And then one day, something happened. The Remington Rand Corporation came to town. It installed itself in an old estate in the middle of town. Remington Rand was active in the machine tool tradition: sewing machines, firearms and typewriters. But by the middle of the 20th century, it was trying to figure out how to make something called the “business computer.” (A machine that could do for information what the machine tool did for manufacture, that was worth trying for.)
The computer work was so top-secret they put it in a building called “the barn,” a sweet little building, all stone and faux Tudor timbers (pictured). Actually, the barn looks like a preindustrial cottage, and the last place you’d expect to help produce the business computer. So much for appearances. The Barn created the Remington Rand 409. After hundreds of years of well-deserved obscurity, Rowayton had a claim to fame.
Photos from the Barn tell the story. Engineers, dressed in white shirts, wearing sensible glasses. One is wearing that early badge of geek chic, the pocket protector. And there is more than one short-sleeved shirt, that miracle of "Drip-dry" and "Wash and wear!" No one actually has tape on his glasses, but one feels that’s only a matter of time.
This is what innovation looked like after World War II, deeply practical, happily inelegant. Guys in sensible shirts. People trying stuff until they got it right. The invention process was a deeply engaging, sometimes vexing thing. The beams of the second floor proved insufficient for the weight of the new computer, so they shored them up. Vacuum tubes ran hot and had to be replaced every three hours. There were problems large and small, and the guys at Remington Rand kept at it. By mid century they were done. Lo and behold, the father of the UNIVAC line of computers and great, great, great, great grandfather of the laptop on which I write.
This is innovation as we used to do it. The recipe was simple: put inventive souls in an isolated place, give them resources, and leave them alone. We called it “R&D,” Research and Development. It wasn’t pretty. It wasn’t fashionable. It wasn’t sensible in certain ways. (Why was everyone white, male and middle aged?) But it was relentlessly curious. And practical. When ‘A’ didn’t work, someone said, “what about ‘B’?” And if that didn’t work, people were happy to run down the alphabet until they found something that did. “What if” was the order of the day.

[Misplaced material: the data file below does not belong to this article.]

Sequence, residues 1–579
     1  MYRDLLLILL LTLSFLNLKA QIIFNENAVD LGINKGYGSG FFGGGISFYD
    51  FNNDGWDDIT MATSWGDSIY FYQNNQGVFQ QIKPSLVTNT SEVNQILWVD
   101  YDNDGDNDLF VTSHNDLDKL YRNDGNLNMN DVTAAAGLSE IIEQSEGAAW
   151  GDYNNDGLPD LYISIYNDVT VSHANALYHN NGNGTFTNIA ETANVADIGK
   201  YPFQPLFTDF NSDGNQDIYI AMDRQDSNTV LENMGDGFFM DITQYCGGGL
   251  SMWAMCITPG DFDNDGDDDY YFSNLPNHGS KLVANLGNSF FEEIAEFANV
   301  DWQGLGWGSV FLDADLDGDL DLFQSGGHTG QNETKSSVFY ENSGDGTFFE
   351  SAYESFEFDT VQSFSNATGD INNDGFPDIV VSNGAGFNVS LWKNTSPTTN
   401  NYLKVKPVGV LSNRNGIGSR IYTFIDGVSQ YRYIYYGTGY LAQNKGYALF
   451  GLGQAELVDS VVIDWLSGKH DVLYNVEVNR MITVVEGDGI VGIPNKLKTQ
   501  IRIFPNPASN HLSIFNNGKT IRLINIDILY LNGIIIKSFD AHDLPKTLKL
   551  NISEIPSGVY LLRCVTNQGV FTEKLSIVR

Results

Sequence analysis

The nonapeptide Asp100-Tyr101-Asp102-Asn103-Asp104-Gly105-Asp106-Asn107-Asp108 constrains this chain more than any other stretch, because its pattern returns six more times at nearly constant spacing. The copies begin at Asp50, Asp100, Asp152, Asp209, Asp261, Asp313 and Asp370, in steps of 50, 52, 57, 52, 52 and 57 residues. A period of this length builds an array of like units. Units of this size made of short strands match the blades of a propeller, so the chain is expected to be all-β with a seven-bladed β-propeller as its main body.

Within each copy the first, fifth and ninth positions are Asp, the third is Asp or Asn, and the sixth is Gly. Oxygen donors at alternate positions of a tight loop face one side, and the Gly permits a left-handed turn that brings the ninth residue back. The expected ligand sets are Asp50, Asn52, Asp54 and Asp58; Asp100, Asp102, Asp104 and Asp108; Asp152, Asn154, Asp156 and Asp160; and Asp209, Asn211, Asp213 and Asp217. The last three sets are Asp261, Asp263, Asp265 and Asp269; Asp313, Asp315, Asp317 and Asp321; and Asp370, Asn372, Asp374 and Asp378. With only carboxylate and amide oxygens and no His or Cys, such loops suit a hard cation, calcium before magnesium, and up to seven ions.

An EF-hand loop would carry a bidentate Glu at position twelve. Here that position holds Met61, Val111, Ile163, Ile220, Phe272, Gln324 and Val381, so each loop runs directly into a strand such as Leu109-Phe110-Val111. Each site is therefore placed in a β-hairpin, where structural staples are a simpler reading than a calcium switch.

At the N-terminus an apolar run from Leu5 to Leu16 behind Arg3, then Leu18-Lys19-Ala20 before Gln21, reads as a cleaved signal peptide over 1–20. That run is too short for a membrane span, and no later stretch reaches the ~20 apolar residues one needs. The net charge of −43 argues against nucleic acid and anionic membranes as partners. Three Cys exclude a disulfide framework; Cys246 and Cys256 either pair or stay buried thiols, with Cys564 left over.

There is something about this R&D tradition that feels at risk. That combination of hard thinking and brute pragmatism is now in peril. But this is just for starters. For ingenuity and reckless experiment funded a larger spirit of innovation. This was the “can do” world. A place of relentless ingenuity. And now it fails cowed, diminished, uncertain, less and less prepared to “try stuff and see what happens.” Westerners in general and Americans in particulars have retreated into pessimism. They have taken to their ideological corners. They have withdrawn from their furious engagement with the world. But of course we have grounds for discouragement. But I would have thought that the baby we do not wish to put out with the bathwater is our ability to solve problems. If we lose that once reckless, generous, exuberant spirit of invention that we truly are done for. It's time for ingenuity to stage a comeback.
Click on this image for an excerpt of remarks by Grant McCracken in a session called "Listening and Empathy: Making Companies More Human" at Futures of Entertainment 2012, MIT, Cambridge, November 9, 2012.
Thanks to Sam Ford for organizing and moderating this event and to fellow participants who are, cruelly and unreasonably, excluded from this edit: Lara Lee, Carol Sanford, and Emily Yellin. For the full video, please go to http://bit.ly/WTy3dE.
In any square mile of ocean, there are some 46,000 pieces of plastic, a great and growing testament to people on ship and shore so spectacularly stupid or irresponsible that they would rather just chuck something into the ocean than make the small effort the recycling now takes. Every year, this "ocean plastic" kills one million sea birds and 100,000 sharks, turtles, dolphins, and whales. Every year, ocean plastic rises a little higher in the food chain. It's destination: our dinner plates.